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Medical oxygen supply dwindles as Covid-19 cases increase

With most countries seeing an exponential increase of coronavirus cases, WHO is concerned about the dwindling supply of medical oxygen.

With most countries seeing an exponential increase of coronavirus cases, WHO is concerned about the dwindling supply of medical oxygen.

Published Oct 27, 2020

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CAPE TOWN - With most countries seeing an exponential increase of coronavirus cases, WHO is concerned about the dwindling supply of medical oxygen.

It is reported that around 88,000 large cylinders are needed each day worldwide to cope with the caseload.

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However, with daily infections rising to around 400,000, that need has now risen to 1.2 million cylinders, just in low and middle income countries alone.

At the peak of the pandemic, the SA National Institute for Communicable Diseases reported that the country’s public hospitals were running short on medical oxygen.

SEE ALSO: LOCALLY PRODUCED VENTILATORS TO BE ROLLED OUT THIS MONTH

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According to WHO chief Tedros Adhanom Ghebreyesus some countries were now on a “dangerous track” and the worrying rise was leading to hospitals and ICUs “running close or above capacity.

“A heavy toll was being taken on the world’s supplies of clinical oxygen, so crucial for those patients who need to be intubated, and many countries simply do not have enough,”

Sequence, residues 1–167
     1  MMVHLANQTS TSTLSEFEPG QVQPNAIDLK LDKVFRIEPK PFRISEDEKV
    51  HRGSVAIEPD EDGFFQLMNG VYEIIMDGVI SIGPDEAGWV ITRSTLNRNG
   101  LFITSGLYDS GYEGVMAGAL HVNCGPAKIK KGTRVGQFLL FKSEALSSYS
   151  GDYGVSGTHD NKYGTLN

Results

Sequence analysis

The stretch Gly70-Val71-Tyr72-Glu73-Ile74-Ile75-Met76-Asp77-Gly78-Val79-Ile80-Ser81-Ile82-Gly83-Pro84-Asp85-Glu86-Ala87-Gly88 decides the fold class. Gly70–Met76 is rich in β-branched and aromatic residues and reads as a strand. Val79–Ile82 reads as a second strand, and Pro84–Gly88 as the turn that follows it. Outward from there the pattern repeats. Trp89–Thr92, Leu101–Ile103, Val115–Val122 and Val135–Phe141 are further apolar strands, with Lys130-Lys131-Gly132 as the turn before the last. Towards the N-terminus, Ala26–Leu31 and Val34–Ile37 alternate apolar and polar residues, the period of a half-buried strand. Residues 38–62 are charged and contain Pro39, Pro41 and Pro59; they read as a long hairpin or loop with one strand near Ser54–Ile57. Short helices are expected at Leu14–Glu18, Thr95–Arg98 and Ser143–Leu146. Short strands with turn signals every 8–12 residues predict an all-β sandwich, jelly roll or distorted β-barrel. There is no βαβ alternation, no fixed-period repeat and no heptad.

“The “global oxygen gap” is particularly acute in some of the poorest nations, where some have only five to 20 percent of what they need for patient care,” said Ghebreyesus.

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He also urged leaders to take immediate action, to prevent further unnecessary deaths, and essential health services collapsing, and schools shutting again.

In India where new Covid-19 infections have rapidly increased, oxygen supply has grown scarce in some parts of the country.

Meanwhile, the WHO has launched a new project, working with ministries of health in those countries to design oxygen plants which fit their local needs.

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“The oxygen project reflects WHO’s commitment to end-to-end-solutions and innovation, to do what we do better, cheaper, and reach more people. Oxygen saves the lives of patients with Covid-19,” he said

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